Chris Knipp Writing: Movies, Politics, Art

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PostPosted: Thu Apr 01, 2004 3:56 pm 
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Death warmed over

[Review published on CineScene]

The Ladykillers is a rehash of the 1955 Ealing comedy of the same name which starred Alec Guinness. The Coen brothers, who’ve always been post-modern and tongue-in-cheek, increasingly work in pastiches. Recently we’ve had a chilly and uninvolving period noir (The Man Who Wasn’t There) and a spiritedly vicious romantic comedy which loses its rhythm half way through (Intolerable Cruelty). The Ladykillers is a less appealing and less enjoyable effort along this derivative line. The Coens’ genre-surfing has always dramatized their adeptness but also shown a tendency to shift rather randomly from one thing to another, without seeming to care, so long as the next thing is different from the last.

The Ealing comedies aren’t really what you’d call a “genre.” They’re more a droll outgrowth of Fifties English cinema production methods and a record of the brilliance and versatility of Alec Guinness. One can only rejoice that the Coens didn’t choose one of the real triumphs of the Ealing studios to spoil, something sublime and unforgettable like Kind Hearts and Coronets (the jewel in the crown); that backhanded indictment of capitalism,The Man in the White Suit; or the haunting bigamist’s tale, The Captain’s Paradise. The Ladykillers wasn’t the greatest. But still it had Guinness. And it had the wholeness of something produced by a studio that was a well-oiled machine.

The plot in outline remains the same in this new version. A fake professor takes lodgings from an old lady, his pals pretend to be musicians, but what they’re really getting together to do is to plot a robbery. The Coens switch the action to somewhere in the American South, both time and place fatally vague. Indeed Tom Hanks, as Professor Goldthwait Higginson Dorr, is from one milieu and era, and each of his cohorts is from various incompatible others. They seem to be standing up to recite their parts solo, loudly, like those ugly Americans who shout at Europeans in the belief that it will make their English more comprehensible. This begins with Irma P. Hall as Marva Munson, the landlady, a large, rickety black woman of antique vintage who recites an emphatic but unconvincing tirade against rap in the little town police station. Each of the robbers has a schtick. Gawain MacSam (Marlan Wayans) is a foulmouthed and uncooperative young black man. Garth Pancake (J.K.Simmons) is a sterling white fellow with an implausible Freedom Rider background and a large moustache. Lump (Ryan Hurst) is a dumb jock gorilla who looks wide-eyed and grunts. The General (Tsi Ma) is a slimy southeast Asian with a background, like Pancake’s, in government sponsored pyromania, and his trick is to swallow lighted cigarettes. The job of Pancake and the General is to blast their way through the ground, with Lump’s digging help, to a gambling casino’s safe. MacSam is the “inside man,” a janitor employed on the river boat where the safe is stored.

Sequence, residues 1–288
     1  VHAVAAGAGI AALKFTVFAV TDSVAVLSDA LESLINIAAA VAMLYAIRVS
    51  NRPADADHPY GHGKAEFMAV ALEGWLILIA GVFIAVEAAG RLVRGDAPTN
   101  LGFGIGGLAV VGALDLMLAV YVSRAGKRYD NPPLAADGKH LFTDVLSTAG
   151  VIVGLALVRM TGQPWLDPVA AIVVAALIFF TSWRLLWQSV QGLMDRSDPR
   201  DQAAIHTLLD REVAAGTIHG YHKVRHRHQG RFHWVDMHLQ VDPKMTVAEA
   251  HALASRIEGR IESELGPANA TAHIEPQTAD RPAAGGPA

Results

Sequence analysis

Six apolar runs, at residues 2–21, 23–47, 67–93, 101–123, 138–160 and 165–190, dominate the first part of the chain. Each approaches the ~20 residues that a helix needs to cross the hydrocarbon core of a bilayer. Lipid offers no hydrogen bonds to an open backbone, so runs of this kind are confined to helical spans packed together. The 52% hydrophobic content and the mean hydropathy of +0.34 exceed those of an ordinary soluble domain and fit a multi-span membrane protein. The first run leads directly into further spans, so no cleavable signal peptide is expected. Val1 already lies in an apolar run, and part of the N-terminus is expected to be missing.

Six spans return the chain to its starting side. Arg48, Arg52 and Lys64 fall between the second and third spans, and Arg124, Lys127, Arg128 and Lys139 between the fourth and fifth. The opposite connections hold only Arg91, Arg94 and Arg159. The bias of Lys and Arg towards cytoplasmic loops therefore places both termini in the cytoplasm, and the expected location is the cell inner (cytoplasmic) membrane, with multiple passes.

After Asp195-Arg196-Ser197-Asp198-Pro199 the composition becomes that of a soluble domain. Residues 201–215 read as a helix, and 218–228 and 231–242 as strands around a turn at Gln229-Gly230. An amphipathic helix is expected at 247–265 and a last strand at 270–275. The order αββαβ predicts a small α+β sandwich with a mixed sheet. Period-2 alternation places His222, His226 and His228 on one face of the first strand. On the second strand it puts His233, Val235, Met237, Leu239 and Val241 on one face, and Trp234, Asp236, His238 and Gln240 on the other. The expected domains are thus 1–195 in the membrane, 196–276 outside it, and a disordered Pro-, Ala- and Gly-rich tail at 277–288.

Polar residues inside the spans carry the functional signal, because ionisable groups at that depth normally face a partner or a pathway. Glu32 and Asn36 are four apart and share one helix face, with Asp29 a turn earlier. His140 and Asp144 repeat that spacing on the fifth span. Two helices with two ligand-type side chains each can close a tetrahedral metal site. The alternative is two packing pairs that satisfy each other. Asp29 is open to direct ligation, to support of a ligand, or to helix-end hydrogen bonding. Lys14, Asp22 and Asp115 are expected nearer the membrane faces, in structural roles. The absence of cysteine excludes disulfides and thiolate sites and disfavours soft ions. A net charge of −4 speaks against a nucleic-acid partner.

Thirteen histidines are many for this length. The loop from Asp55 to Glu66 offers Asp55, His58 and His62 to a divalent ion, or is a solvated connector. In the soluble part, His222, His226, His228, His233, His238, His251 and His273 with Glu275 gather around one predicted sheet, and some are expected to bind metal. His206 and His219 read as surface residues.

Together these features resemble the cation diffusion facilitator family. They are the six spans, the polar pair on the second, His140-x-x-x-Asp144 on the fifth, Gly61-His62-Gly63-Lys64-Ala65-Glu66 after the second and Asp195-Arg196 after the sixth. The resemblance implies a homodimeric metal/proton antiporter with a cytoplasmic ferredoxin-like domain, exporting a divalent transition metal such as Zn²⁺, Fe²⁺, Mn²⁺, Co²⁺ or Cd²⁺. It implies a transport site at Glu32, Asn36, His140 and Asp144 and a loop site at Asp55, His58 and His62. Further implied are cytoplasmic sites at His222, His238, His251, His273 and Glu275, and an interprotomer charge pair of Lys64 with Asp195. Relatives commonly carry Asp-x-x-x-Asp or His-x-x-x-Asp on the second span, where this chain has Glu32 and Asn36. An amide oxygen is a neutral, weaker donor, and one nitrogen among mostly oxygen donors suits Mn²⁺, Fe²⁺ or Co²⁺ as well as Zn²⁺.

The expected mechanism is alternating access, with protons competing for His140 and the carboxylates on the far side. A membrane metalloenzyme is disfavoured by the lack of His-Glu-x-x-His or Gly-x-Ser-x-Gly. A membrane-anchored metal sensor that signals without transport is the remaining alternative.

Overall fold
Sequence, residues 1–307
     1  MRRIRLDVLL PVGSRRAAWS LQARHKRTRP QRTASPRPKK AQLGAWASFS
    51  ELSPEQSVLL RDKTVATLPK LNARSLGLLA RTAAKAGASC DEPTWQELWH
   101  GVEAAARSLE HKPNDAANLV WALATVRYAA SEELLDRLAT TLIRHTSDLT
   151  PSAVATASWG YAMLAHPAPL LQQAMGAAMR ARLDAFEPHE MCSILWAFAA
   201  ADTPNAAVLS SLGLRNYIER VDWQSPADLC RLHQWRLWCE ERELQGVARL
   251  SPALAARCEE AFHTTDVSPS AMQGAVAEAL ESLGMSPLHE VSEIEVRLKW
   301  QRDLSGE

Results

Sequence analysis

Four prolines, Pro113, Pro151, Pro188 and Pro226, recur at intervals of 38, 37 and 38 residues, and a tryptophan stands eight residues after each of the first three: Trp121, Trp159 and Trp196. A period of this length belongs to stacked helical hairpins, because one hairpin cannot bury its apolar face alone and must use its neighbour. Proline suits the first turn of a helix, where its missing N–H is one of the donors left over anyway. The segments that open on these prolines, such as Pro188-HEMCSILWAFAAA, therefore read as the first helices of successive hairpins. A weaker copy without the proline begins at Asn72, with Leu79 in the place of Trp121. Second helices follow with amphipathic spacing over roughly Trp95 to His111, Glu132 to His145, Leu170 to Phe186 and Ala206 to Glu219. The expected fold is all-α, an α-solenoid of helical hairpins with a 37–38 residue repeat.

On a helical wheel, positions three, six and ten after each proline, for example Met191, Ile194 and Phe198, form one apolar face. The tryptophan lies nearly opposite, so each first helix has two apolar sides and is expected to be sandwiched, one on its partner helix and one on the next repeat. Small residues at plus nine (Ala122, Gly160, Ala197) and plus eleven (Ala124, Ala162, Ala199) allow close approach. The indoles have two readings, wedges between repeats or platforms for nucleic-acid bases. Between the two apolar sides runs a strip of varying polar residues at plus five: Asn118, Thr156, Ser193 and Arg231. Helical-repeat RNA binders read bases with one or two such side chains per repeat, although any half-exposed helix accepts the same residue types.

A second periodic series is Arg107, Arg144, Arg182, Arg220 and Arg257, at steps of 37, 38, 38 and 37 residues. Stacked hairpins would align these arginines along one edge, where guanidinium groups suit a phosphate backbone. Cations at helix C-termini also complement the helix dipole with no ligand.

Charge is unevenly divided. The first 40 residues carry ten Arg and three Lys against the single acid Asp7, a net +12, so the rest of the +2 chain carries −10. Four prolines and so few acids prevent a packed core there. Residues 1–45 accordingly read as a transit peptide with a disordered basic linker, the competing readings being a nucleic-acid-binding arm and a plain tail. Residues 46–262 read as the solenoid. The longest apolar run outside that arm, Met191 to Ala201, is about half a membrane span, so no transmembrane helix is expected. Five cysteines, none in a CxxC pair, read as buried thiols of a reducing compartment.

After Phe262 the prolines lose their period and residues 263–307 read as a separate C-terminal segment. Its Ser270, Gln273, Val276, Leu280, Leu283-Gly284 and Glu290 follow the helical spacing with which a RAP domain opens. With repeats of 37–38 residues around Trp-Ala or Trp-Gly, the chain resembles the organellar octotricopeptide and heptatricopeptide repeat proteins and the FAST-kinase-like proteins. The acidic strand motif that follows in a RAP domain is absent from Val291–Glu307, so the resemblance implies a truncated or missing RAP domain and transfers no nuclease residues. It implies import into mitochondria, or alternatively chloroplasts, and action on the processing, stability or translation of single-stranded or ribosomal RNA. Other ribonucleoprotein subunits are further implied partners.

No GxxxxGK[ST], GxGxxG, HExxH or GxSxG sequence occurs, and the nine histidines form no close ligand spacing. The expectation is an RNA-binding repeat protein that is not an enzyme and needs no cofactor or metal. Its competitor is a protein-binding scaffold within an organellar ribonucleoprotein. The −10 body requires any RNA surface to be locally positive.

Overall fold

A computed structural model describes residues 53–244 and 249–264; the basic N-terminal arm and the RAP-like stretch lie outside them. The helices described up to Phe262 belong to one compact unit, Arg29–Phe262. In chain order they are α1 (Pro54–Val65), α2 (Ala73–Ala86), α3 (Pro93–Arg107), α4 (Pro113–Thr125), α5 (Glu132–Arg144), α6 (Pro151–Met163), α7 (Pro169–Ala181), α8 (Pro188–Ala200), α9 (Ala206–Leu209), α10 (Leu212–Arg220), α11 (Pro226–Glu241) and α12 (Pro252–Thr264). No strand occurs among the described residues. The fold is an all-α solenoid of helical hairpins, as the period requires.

Plenty of lively hostility develops within this crew of would be robbers, but there’s never enough teamwork or chemistry among them to begin with to make their buffoonery run smoothly.

The Coens have always had a cold, cruel streak. They began by torturing the audience deliciously in Blood Simple and they abused their main character with thrilling disdain in Barton Fink, so it was part of the pleasure from the start. But when the cruelty turns to stereotypes and racism, it’s not funny.

Some may think Tom Hanks gives a remarkable performance as the ersatz professor. His mannered laugh and elaborate delivery are certainly a departure from his usual folksy authenticity; but it’s a performance that is dead in the water, partly because the rest of the movie doesn’t give him any support. His fake southern speech is so mannered it’s hard to follow. Its rhythms are all wrong. It’s as if the lines are memorized and reeled off without any sense of context or motivation. Hanks manages to be both remote and icky. Guinness was ingratiating and scary, a combination that works much differently. This version has no edge, not even a genteel one. Oddly, the old lady doesn’t really turn out to be dangerous, a development that was the linchpin of the original plot.

The speech by the elderly black actress, Ms. Hall, which opens the jailhouse scene, has the same sort of effect as all the other tirades. It’s a tour de force that seems curiously detached from both the actress and her role. Nobody in this movie finds a rhythm that creates rapport with other characters. Each stereotype – fake genteel professor, liberal white guy, trash-talking black man, dumb jock, sinister Asian – is autonymous. As often happens when a Coen screenplay isn’t working, the lines are clever but artificial and the scenes are disjointed.

O Brother Where Art Thou? despite it’s charming soundtrack and good actors, who were fun to watch because they obviously were enjoying themselves, also seemed terribly condescending in its broad parody of hillbillies and rednecks. The Coens lose all tact when outside an urban sphere. But O Brother was brilliant and rich compared to this drab, mean-spirited effort. We really can’t wait for the robbers to bump each other off, but there’s nothing neat about the way it happens.

©Chris Knipp. Blog:

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